Raisi was on the border with Azerbaijan on Sunday morning to inaugurate a dam with Azerbaijani President Ilham Aliyev. This is the third dam built by the two nations on the Aras River. The visit took place despite cold relations between the two nations, notably over a gun attack on the Azerbaijani embassy in Tehran in 2023 and Azerbaijan’s diplomatic relations with Israel, which Iran’s Shiite theocracy considers its main enemy in the region.

Iran flies various helicopters in the country, but international sanctions make it difficult to obtain spare parts. Its military air fleet also largely dates back to before the 1979 Islamic Revolution.

Raïssi, 63 years old, is a hardliner who once ran the country’s justice system. He is considered a protégé of Khamenei and some analysts have suggested he could replace the 85-year-old leader after his death or resignation.

Raissi won the 2021 Iranian presidential election, a vote that saw the lowest turnout in the history of the Islamic Republic. Raisi is sanctioned by the United States in part for his involvement in the mass execution of thousands of political prisoners in 1988, at the end of the bloody Iran-Iraq War.

Under Raisi, Iran now enriches uranium to levels close to weapons manufacturing and obstructs international inspections. Iran has armed Russia in its war against Ukraine and launched a massive drone and missile attack on Israel as part of its war against Hamas in the Gaza Strip. It also continued to arm proxy groups in the Middle East, such as Yemen’s Houthi rebels and Lebanon’s Hezbollah.

Meanwhile, mass protests have raged across the country for years. The most recent concerned the death of Mahsa Amini, a woman who had previously been arrested for not wearing a hijab or headscarf, to the authorities’ liking. The months-long security crackdown following the protests killed more than 500 people and led to more than 22,000 being arrested.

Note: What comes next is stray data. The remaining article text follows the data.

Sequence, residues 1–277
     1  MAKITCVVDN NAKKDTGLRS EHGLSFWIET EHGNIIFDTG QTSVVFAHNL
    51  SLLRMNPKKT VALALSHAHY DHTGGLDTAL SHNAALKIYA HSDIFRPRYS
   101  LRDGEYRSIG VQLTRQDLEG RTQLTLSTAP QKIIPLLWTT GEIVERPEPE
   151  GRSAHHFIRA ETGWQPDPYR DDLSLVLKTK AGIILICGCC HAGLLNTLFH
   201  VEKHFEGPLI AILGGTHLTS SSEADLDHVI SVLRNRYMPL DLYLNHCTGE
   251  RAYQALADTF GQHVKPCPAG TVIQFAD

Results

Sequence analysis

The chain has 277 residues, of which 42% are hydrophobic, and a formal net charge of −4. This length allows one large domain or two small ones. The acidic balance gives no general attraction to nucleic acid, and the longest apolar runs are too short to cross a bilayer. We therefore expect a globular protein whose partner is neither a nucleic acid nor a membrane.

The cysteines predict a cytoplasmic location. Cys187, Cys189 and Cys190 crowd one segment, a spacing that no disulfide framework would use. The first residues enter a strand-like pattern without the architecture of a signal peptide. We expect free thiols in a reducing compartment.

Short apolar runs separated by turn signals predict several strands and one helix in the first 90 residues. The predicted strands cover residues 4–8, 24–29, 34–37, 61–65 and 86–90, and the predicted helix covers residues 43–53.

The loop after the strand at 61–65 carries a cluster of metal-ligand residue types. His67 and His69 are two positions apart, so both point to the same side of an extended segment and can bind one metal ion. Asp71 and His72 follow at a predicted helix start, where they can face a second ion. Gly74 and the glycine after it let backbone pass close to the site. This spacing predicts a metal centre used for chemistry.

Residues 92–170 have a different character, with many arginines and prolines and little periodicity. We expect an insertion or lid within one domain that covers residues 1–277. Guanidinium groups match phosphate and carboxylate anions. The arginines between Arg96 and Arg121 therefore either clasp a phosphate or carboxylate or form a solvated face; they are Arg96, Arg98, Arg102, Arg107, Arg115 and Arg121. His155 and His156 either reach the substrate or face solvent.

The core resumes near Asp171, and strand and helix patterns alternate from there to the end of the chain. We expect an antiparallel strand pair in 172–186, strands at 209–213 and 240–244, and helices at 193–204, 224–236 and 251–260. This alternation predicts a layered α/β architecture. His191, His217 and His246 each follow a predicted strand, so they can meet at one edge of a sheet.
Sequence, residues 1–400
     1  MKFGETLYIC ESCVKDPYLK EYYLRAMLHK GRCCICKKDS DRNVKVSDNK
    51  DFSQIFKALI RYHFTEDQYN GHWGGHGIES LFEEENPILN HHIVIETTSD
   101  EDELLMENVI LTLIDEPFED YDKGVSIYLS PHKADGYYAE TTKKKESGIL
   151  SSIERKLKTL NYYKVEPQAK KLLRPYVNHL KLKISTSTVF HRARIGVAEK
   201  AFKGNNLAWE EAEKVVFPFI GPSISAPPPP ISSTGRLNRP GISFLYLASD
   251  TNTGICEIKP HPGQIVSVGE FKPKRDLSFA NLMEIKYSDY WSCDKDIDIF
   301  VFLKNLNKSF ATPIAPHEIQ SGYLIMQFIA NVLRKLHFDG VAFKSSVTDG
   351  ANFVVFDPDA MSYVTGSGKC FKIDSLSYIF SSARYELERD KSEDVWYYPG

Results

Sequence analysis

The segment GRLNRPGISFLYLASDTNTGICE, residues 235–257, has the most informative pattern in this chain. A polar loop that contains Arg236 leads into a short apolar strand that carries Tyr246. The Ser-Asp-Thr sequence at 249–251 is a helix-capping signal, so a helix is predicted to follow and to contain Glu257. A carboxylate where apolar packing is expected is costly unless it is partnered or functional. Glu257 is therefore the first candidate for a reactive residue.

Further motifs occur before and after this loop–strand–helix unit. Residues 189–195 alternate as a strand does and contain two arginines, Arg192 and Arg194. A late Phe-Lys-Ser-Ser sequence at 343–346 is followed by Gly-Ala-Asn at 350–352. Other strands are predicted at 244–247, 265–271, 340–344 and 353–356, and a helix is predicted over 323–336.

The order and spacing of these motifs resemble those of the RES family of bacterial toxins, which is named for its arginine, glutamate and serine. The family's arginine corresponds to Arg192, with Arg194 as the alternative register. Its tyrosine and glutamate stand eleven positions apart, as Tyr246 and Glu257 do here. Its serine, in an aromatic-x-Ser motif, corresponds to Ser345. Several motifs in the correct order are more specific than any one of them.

In March, a United Nations commission of inquiry concluded that Iran was responsible for the “physical violence” that led to Amini’s death.

The US State Department said it was “closely monitoring reports of a possible crash landing in Iran of a helicopter carrying Iran’s president and foreign minister.”

He added: “We have no further comment at this time. »


Associated Press writer Nasser Karimi in Tehran, Iran, contributed to this report.

News Source :
Gn world

jack colman

With a penchant for words, jack began writing at an early age. As editor-in-chief of his high school newspaper, he honed his skills telling impactful stories. Smith went on to study journalism at Columbia University, where he graduated top of his class. After interning at the New York Times, jack landed a role as a news writer. Over the past decade, he has covered major events like presidential elections and natural disasters. His ability to craft compelling narratives that capture the human experience has earned him acclaim. Though writing is his passion, jack also enjoys hiking, cooking and reading historical fiction in his free time. With an eye for detail and knack for storytelling, he continues making his mark at the forefront of journalism.
Back to top button